- The Red Sox showcased their entire bullpen, like some kind of arms fashion show. Make no mistake, I would have given up my soul in exchange for the game to just end and abort my mounting hysteria. But a small part of me would have liked to see what the Sox would have scraped together if the game went longer, and Junichi Tazawa was cooked.
- Tomorrow's afternoon game should be interesting. Both teams better hope their starters pitch the game of their lives, because the bullpen is collectively cashing in on their comp days.
- The only thing that makes these marathon games less of a stress test, and more of the entertaining experience it's supposed to be, is the evolution of the announcers over the course of the extra innings.
- Paul O'Neill, who announces like he's got one eye on the game, one eye on the Simpsons, just got less and less interested in providing rational comments. Kay did his best, but a scoreless game is like his vision of hell. Flaherty, on the other hand...this would have been right in his wheelhouse. High strung situations with little to no opportunity to burst into unfettered rants.
- In an equally epic marathon game thread that needed to be restarted due to our computers revolting, FreeBradshaw comments, "What's better? Beating the snot out of the Pissants yesterday (even with all those walks)...or patiently drowning them in their misery and watching A-Rod win it in 15?"
- It's almost like the Yankees are trying to redeem themselves for going 0-8 in the first half, by demoralizing Boston with new iterations of devastation. Maybe tomorrow (well, today technically), they spot the Sox a 6-8 run lead...only to come back in the 8th inning, and win it in the 9th with another walk off.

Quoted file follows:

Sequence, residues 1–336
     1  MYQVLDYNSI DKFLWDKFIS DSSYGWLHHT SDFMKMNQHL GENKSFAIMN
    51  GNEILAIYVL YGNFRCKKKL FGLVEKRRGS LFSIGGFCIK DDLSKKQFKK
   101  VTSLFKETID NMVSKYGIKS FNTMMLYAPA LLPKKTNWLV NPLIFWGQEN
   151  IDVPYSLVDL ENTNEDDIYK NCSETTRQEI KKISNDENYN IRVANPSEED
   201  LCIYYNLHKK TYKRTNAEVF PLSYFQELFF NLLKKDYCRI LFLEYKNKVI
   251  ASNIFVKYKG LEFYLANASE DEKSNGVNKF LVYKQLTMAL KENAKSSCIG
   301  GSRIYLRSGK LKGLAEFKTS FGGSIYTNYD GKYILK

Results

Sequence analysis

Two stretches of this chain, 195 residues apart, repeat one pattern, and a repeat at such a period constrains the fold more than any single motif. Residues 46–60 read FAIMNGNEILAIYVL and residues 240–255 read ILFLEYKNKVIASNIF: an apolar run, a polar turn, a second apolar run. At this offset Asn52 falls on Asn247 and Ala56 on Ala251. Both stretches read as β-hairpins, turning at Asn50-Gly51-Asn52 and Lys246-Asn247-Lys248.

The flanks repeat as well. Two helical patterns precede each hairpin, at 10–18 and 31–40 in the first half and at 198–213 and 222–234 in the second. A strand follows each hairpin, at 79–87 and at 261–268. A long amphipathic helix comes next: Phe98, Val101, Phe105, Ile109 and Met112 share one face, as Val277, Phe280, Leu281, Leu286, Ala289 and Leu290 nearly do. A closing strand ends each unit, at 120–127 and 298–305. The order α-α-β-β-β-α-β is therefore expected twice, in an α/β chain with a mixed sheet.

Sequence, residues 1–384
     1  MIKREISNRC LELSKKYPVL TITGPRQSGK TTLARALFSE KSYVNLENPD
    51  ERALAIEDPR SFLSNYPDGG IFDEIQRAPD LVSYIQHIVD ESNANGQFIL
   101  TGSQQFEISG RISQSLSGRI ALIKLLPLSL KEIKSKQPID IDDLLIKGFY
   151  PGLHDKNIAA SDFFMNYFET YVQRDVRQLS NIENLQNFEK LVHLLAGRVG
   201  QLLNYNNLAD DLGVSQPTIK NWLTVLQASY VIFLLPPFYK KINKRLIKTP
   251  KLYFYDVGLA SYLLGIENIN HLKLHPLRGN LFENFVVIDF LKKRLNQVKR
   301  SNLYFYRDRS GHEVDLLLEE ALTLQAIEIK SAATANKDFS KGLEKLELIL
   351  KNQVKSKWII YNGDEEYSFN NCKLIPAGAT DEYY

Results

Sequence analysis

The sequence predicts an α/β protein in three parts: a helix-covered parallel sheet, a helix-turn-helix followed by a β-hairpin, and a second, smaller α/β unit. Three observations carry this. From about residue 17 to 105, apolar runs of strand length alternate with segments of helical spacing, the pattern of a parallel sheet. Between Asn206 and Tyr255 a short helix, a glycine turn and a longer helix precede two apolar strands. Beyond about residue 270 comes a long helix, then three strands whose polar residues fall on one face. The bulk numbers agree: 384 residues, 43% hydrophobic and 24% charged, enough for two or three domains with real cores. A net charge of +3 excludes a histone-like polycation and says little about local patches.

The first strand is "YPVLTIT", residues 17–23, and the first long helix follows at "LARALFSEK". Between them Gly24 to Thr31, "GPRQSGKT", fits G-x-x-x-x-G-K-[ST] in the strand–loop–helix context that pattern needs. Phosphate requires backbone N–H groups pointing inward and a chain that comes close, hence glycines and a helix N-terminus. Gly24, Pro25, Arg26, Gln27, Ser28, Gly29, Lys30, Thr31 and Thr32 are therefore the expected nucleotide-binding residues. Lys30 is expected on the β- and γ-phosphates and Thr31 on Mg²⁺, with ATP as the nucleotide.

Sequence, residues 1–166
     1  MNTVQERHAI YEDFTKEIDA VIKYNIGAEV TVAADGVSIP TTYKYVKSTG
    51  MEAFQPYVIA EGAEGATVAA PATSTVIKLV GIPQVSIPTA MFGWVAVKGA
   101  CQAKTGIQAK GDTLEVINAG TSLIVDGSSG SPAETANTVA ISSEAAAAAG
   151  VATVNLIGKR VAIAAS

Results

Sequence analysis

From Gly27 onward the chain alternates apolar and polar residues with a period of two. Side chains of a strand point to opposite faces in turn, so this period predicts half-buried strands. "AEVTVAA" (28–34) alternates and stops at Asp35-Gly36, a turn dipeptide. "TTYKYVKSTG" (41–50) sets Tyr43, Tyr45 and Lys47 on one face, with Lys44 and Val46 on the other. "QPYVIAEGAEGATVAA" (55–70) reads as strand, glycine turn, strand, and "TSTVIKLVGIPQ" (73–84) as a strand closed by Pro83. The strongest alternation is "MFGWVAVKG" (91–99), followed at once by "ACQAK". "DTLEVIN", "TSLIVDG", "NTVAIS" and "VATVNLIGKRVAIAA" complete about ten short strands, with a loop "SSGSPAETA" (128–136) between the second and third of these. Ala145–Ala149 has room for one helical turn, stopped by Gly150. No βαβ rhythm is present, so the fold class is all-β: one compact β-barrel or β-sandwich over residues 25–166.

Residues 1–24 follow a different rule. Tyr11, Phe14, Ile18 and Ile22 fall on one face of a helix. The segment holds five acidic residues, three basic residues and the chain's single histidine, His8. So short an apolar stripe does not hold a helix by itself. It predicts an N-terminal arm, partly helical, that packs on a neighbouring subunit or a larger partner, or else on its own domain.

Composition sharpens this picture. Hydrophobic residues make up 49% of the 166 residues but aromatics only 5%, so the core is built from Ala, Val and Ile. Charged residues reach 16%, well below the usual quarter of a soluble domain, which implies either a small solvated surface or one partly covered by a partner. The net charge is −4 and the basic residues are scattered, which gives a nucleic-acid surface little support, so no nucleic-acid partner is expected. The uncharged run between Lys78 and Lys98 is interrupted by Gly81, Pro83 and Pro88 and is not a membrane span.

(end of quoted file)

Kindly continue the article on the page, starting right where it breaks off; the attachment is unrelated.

- I know there were a lot of big moments and plays, and I apologize I'm not covering them all in any detail. They're just all swilring around together now, like a bowl of melted Ben & Jerry's, and I can't even differentiate them anymore. All we need to really know is that the Yankees won because their pitching bailed out the frozen offense and, worse, the overwhelming inability to hit with runners on.
- The Sox did pretty much the same, but their defense was better than the Yankees, their offense was just a touch worse. J.D. Drew robbed Eric Hinske of the game-winning hit, and barring 1 error, their defense wasn't giving us any breaks at all.
- The game was won on the 2-out bomb from Alex "I know, I know, I suck in the clutch. Bite me." Rodriguez. So, maybe, contrary to popular belief, defense doesn't necessarily win games. Maybe offense has something to do with it, too.
- A truly amazing game, and significant for not only where it puts us in the standings, but where it puts the Sox in their comfort level. We ripped the rug out from under them tonight, and, like the Giants beating the Patriots in 2008 to rip the glory of victory from Boston, a 15-inning, scoreless game won on an A-Rod walkoff may have been the only possible way to void the sting of being 0-8.
Which makes a five and half hour battle with deranged furor, 100%, completely worth it.
(And lastly, I just got a text from a buddy in Boston: "Only you would think a game in August matters." Only a Sox fan who just had to suffer through that would say it doesn't.)